Juniors, here are a questionnaire and a timeline to guide you to finding your perfect college.
by Martha Green Quirk, M.A.
High school juniors…lend me your ears…and get ready for the ride of your life! It’s now January of your junior year, your second semester, and the time has come for you to start your college search. How does this happen?
First, think about this all-important question: Why are you going to college in the first place?
Here are some good reasons to consider:
● To learn – In college you will learn more about stuff that will help you be a better contributor to your community, your home and family, and to your own life. College will help you become a better thinker. College will reinforce analytical, comprehension, writing and reading skills. College will help you further develop your intellectual curiosity.
● To get a better job – Studies have shown that the average college graduate earns more than 1.5 million dollars more than a high school graduate over the course of a lifetime.
● To break away from home – This is a natural rite of passage to adulthood. Going to college is a great way to transition to an independent lifestyle, for learning how to take responsibility for every decision you make – choosing courses, managing money, doing (or not doing) laundry, choosing your friends, and embracing values and standards that are important to you. Going away to college makes the process of breaking away from home more complete.
The first step in your college-search research is to find colleges that “fit”—fit your personality, your educational goals, your earned academic record, your priorities, and your dreams. General factors such as size, location, climate, academics, faculty, class size, student body diversity, housing, meal options, facilities, extracurricular activities, athletic opportunities, off-campus programs, and tuition costs are important to consider.
Question yourself to find your fit
Here are some common questions students consider during their college search. Remember that what you are looking for is a college that “fits” your learning style, your college-characteristic preferences, and your educational objectives…and, eventually, your (or your parents’) pocketbook.
Be honest about who you are and what you want and need. Who are you as a student? As a social being? As a community participant? As a campus contributor?
Think honestly about your strengths and weaknesses. Where do you excel? What makes a class enjoyable for you? What do you do if you are not doing well in a class? What kinds of classes are the easiest and most fun for you to participate in? What kind of relationships do you like to have with your teachers for you to do your best?
How about these questions: What would you like to be doing five or 10 years from now? Is that a reasonable goal? What kind of environment would you like to be working in? Are you a leader or a follower? How independent are you? How do you demonstrate that independence? How dependent are you on others? Do you want to be with others at college who are more like you or who are different from you?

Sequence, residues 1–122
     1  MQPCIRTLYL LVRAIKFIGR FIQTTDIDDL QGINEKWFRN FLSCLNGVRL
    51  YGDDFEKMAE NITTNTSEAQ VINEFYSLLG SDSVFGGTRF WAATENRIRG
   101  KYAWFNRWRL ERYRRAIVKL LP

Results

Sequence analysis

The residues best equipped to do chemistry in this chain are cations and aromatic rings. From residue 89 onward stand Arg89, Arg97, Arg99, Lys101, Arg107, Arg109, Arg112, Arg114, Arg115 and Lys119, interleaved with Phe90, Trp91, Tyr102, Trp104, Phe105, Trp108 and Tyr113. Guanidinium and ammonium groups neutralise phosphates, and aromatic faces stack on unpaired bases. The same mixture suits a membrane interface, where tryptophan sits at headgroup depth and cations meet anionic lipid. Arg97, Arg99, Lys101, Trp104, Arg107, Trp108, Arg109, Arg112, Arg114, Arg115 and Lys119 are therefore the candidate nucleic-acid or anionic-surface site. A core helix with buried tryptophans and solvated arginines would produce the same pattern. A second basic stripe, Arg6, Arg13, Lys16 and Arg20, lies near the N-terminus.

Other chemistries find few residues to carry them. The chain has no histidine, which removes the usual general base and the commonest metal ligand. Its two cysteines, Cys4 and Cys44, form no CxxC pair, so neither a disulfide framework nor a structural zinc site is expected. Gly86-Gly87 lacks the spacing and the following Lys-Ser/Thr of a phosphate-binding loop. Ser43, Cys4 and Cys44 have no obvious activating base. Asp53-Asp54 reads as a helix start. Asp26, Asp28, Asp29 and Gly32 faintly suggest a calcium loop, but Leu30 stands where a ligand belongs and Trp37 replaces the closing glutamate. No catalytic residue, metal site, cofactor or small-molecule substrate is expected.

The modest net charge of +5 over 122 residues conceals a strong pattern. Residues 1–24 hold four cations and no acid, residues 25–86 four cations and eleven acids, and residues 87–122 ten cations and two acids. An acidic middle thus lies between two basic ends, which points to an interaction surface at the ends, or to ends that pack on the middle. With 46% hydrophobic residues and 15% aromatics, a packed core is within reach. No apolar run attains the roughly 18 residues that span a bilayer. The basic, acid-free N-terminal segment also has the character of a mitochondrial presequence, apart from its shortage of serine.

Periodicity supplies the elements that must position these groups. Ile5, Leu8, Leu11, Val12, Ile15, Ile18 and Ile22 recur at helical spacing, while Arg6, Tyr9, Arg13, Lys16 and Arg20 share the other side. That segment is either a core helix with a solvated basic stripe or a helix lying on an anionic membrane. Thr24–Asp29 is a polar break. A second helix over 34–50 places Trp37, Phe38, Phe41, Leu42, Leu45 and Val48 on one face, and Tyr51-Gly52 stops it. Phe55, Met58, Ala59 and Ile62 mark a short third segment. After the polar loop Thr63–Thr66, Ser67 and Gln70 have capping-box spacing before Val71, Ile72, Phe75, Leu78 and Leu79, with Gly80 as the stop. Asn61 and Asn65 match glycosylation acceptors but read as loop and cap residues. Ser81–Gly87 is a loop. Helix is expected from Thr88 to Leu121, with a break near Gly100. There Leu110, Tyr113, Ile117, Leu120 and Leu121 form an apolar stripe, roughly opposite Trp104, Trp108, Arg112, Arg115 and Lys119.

How active are you socially? What do you like about your social life that you want to continue in college? Are you willing to try new things in college or hang out with different types of people? How about going to a college you’ve never heard of before? How close to home do you want to be?
Your college-search timeline
Here is a general timeline to get the search ball rolling:
1. Determine the kind of college you think you want: liberal arts college, large research university, a public school or private college, a technical/trade school, a military academy, or a junior or community college.
2. Write, call, or email colleges that interest you to get further information about visiting, scholarships, and academic programs.
3. Use the internet to visit college websites (www.nameofcollege.edu) and learn about academic offerings, athletic opportunities, housing and meal options, what the campus looks like, events on campus, etc. This is a good way to begin your journey to learn more about different college campuses.
4. By June of your junior year, narrow your college choices to 10-12 possible options.
5. After further research and visits to some campuses between April and October, decide to which five to eight colleges you want to apply.
6. Begin the actual application process by October of your senior year.
7. Be alert to each college’s application, scholarship, and financial aid deadlines.
8. Make the final choice among those colleges to which you are accepted. Submit your deposit by May 1 of your senior year.
Have fun with this process. Be focused, determined, and organized. The results will be amazing!
Martha Green Quirk, M.A., has been active in the college admissions field for over 30 years, including many years as dean of admissions at Principia College in Elsah, Illinois. In 2008 she founded her own independent educational consulting company, College Admissions Consulting (CAC), in St. Louis, Missouri.